I know, was there really any competition in it. By the time Tiswas had done a few programmes, I think most of us were ashamed to admit we’d ever watched that staid old programme on BBC1. Noel Edmonds could stick his Multicoloured Swap Shop because we’d all defected to Tiswas.
Not that there was anything intellectually engaging about Tiswas – unless you think seeing custard being thrown at people in cages is high art. Well, some Tate prize winners might think so. But as Noel burbled on the phones, The Specials were getting a dousing on ITV. As did the Stray Cats and, of all people, the Nolans.
The team on Tiswas were not completely unfamiliar. Sally James had been on the telly for a while and was the heartthrob of many teenage boys – well, I think she made other organs throb but let’s not wander down that road. Can’t say I’m a huge Chris Tarrant fan now but he was the architect of this anarchic nonsense and all credit to him for making Noel Edmonds look very old fashioned for a while.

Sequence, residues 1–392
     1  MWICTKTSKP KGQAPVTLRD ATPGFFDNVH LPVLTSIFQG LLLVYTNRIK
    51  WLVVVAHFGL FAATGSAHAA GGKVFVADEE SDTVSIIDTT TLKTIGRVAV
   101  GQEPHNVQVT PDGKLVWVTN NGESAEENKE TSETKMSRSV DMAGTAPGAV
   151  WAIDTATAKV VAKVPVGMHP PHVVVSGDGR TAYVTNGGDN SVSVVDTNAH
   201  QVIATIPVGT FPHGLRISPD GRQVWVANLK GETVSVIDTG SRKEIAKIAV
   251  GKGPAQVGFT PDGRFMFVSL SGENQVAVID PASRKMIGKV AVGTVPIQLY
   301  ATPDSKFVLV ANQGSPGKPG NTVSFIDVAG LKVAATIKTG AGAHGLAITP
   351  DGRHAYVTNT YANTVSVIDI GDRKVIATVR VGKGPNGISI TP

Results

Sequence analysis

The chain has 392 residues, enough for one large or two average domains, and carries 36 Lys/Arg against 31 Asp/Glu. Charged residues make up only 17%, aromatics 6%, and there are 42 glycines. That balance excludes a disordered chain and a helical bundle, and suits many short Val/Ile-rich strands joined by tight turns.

It’s strange to read reviews of Tiswas now that refer to ‘black comedian’ Lenny Henry – because of course black people still struggled to get on TV as anything other than bit parts in dramas and backing singers. Lenny had created a character called Algernon and it was better to see him taking the rise out of the Rasta scene than the horrible Jim Davidson and his racist ‘Chalky White’ character. And I don’t care if he’s apologising for that ‘comedy’ now because he is going to rot in PC hell for all time.
Bob Carollgees had Spit the Dog was a weekly fave as well as were the Phantom Flan Flingers.
ITV had made the BBC look a bit fuddy-duddy in the mid-1970s with Magpie – it’s rival programme to Blue Peter. At the time, it felt like Magpie was more edgy that Blue Peter though when you look at the programmes on YouTube now, Magpie is still very middle class and safe. But Tiswas was unsettling and it’s amazing that politicians and establishment figures queued up to condemn it – which of course did a wonder for its ratings.